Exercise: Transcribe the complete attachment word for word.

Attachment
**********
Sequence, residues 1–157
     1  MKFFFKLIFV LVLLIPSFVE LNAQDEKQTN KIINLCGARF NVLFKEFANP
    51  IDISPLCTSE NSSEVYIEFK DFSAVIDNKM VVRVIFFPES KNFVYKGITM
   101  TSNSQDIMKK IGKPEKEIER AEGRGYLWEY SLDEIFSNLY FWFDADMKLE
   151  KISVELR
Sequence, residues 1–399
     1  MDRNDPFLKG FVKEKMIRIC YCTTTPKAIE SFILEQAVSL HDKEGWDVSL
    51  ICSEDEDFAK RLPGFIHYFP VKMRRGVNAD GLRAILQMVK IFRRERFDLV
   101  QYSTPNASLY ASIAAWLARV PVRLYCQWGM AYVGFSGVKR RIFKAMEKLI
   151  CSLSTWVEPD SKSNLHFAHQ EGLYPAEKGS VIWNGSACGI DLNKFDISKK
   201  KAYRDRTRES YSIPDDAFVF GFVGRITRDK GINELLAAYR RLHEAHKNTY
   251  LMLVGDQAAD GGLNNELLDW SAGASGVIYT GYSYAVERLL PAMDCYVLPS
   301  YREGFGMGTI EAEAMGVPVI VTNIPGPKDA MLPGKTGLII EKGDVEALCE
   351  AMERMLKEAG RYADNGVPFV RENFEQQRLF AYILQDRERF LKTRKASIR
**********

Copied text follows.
Sequence, residues 1–157
     1  MKFFFKLIFV LVLLIPSFVE LNAQDEKQTN KIINLCGARF NVLFKEFANP
    51  IDISPLCTSE NSSEVYIEFK DFSAVIDNKM VVRVIFFPES KNFVYKGITM
   101  TSNSQDIMKK IGKPEKEIER AEGRGYLWEY SLDEIFSNLY FWFDADMKLE
   151  KISVELR
Sequence, residues 1–399
     1  MDRNDPFLKG FVKEKMIRIC YCTTTPKAIE SFILEQAVSL HDKEGWDVSL
    51  ICSEDEDFAK RLPGFIHYFP VKMRRGVNAD GLRAILQMVK IFRRERFDLV
   101  QYSTPNASLY ASIAAWLARV PVRLYCQWGM AYVGFSGVKR RIFKAMEKLI
   151  CSLSTWVEPD SKSNLHFAHQ EGLYPAEKGS VIWNGSACGI DLNKFDISKK
   201  KAYRDRTRES YSIPDDAFVF GFVGRITRDK GINELLAAYR RLHEAHKNTY
   251  LMLVGDQAAD GGLNNELLDW SAGASGVIYT GYSYAVERLL PAMDCYVLPS
   301  YREGFGMGTI EAEAMGVPVI VTNIPGPKDA MLPGKTGLII EKGDVEALCE
   351  AMERMLKEAG RYADNGVPFV RENFEQQRLF AYILQDRERF LKTRKASIR